Once Abd al-Ilah was back in charge, it wouldn’t have been out of the question for the Hashemites to embrace this pan-Arab nationalism and run with it. After all, Sharif Hussein’s decision to declare himself Caliph shortly before the Saudis sent him packing was itself motivated by a kind of pan-Arabism. In fact, the Hashemites did try to adopt pan-Arabism in some ways in the 1940s–there was, for example, some talk about a union with Syria. But in the 1950s, pan-Arabism mostly got folded into Nasserism, and Nasserism was anti-monarch and pro…well, Nasser. This obviously wasn’t the kind of pan-Arabism that an Iraqi monarchy could really abide. But among the Iraqi population the sentiment continued to grow, and a group of Iraqi army officers looked at what Nasser and his fellow Egyptian army officers had done in 1952 and started to get some crazy ideas.
Aside from the rise of Nasserism, the Hashemites’ ability to really champion Arab nationalism was hampered by the fact that they were still mostly taking orders from London. Britain was reluctant to leave Iraq altogether, especially after the Gaylani business, and so it continued to control a big chunk of the Iraqi oil industry as well as virtually the whole of Iraqi foreign policy. Iraqis, as you might imagine, resented the hell out of this, and when, for example, Britain shoved Iraq into the “Baghdad Pact,” a 1955 defense agreement with Iran, Pakistan, and Turkey, the Iraqi public hated it. Likewise, when the Hashemites rejected the idea of joining Nasser’s United Arab Republic (a short-lived union of Egypt and Syria) but proposed instead establishing a Britain-approved union with Hashemite Jordan, Iraqis just got angry.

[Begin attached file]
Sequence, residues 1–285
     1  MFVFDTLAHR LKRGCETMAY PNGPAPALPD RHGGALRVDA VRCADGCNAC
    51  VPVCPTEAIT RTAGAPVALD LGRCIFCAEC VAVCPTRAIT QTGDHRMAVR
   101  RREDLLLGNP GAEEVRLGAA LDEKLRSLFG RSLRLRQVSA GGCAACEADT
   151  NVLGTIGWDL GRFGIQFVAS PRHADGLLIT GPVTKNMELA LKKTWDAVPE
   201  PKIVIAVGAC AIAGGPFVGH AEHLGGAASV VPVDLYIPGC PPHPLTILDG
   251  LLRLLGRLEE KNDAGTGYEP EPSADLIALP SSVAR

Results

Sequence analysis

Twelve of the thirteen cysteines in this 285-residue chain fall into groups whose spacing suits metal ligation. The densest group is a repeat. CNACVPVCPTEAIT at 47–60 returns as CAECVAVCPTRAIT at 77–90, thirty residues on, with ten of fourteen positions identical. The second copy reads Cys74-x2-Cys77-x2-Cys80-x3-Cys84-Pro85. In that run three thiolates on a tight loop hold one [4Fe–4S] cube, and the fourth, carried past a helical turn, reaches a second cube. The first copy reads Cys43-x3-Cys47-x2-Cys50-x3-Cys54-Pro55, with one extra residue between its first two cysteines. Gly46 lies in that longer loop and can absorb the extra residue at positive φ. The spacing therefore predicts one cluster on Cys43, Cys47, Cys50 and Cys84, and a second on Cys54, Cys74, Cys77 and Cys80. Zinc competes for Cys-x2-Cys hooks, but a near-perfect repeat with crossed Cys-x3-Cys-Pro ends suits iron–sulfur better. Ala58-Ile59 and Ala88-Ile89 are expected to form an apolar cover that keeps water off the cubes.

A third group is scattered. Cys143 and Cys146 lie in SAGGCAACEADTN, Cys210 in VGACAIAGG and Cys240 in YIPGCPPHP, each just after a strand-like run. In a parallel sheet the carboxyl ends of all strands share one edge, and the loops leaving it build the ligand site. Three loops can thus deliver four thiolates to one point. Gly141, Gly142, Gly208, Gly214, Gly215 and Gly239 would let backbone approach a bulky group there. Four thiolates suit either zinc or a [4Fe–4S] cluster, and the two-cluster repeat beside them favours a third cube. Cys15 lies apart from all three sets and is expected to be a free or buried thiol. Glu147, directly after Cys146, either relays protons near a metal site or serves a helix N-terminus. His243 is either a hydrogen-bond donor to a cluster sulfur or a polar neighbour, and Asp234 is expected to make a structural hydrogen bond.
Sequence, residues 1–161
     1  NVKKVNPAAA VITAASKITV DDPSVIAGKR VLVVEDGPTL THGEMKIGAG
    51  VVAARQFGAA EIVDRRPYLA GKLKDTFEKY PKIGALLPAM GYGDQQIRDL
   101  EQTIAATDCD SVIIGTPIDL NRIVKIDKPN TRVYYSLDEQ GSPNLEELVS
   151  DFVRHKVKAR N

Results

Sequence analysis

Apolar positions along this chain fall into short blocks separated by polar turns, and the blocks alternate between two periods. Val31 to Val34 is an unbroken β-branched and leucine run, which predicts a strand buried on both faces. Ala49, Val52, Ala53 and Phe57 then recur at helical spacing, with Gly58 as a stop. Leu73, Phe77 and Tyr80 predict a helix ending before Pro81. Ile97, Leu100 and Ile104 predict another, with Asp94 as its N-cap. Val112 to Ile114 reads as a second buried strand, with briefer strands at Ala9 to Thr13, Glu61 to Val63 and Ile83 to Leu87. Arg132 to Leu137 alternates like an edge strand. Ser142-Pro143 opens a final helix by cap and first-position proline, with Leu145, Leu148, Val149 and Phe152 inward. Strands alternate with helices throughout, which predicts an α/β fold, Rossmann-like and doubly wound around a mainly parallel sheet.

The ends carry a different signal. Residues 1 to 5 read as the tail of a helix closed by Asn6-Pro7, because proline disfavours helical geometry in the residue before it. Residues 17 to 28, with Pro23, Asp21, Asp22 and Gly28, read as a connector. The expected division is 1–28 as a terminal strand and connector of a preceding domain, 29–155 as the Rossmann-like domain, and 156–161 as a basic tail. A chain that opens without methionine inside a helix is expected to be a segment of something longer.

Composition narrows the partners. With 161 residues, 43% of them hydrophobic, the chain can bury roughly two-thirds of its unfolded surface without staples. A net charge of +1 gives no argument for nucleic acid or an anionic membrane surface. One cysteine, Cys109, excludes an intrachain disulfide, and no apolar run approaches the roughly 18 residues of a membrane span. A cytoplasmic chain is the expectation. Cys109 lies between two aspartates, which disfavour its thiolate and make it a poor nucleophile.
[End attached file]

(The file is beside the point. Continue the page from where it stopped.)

Two mass uprisings, the 1948 al-Wathbah uprising in Baghdad and the 1952 Iraqi Intifada (which started in Basra but spread nationwide), showed how angry the Iraqi public was with the monarchy, but neither was particularly successful in changing either Iraq’s government or its servile relationship with Britain. It took those aforementioned army officers to pull off the revolution, and they, under the leadership of General Abd al-Karim Qasim (d. 1963) and Colonel Abdul Salim Arif (d. 1966), formed a “Free Officers Movement” (along the lines of the one that had overthrown the Egyptian monarchy in 1952) in order to carry out their plans. They sought material support from Nasser and the UAR before carrying out their coup. They didn’t get it, but it didn’t really matter. On July 14, 1958, Arif marched a brigade of soldiers into Baghdad, took over the radio station there, and proclaimed that Iraq was now a republic, and that was pretty much all it took. Faisal and Abd al-Ilah were killed later that morning, while Nuri al-Said was captured and executed the following day. Days of retributive attacks against supporters of the monarchy all over Baghdad followed, mostly encouraged by Arif.
Qasim set himself up as prime minister and accrued most of the power in the post-revolutionary “republic”–which, for a republic, looked suspiciously like a dictatorship (another thing Qasim adapted from Nasser). Arif, on the other hand, quickly found himself on the outs, because he and Qasim turned out to have some very significant ideological disagreements, or really one: Arif really believed in pan-Arabism, whereas Qasim really did not. He wasn’t exactly opposed to the idea of Arab nationalism, but it didn’t particularly do anything for him and he was extremely wary of its greatest champion at the time, Nasser. Consequently Arif was keen to join Nasser’s UAR while Qasim wanted no part of it. And so Iraq flirted with the UAR but never actually got on board. Arif had the last laugh, though. He and his Arab Socialist Union party joined the Baʿathist-led 1963 Ramadan Revolution, which overthrew Qasim’s government (and executed Qasim himself), and Arif subsequently became the President of Iraq, a job he held until his death.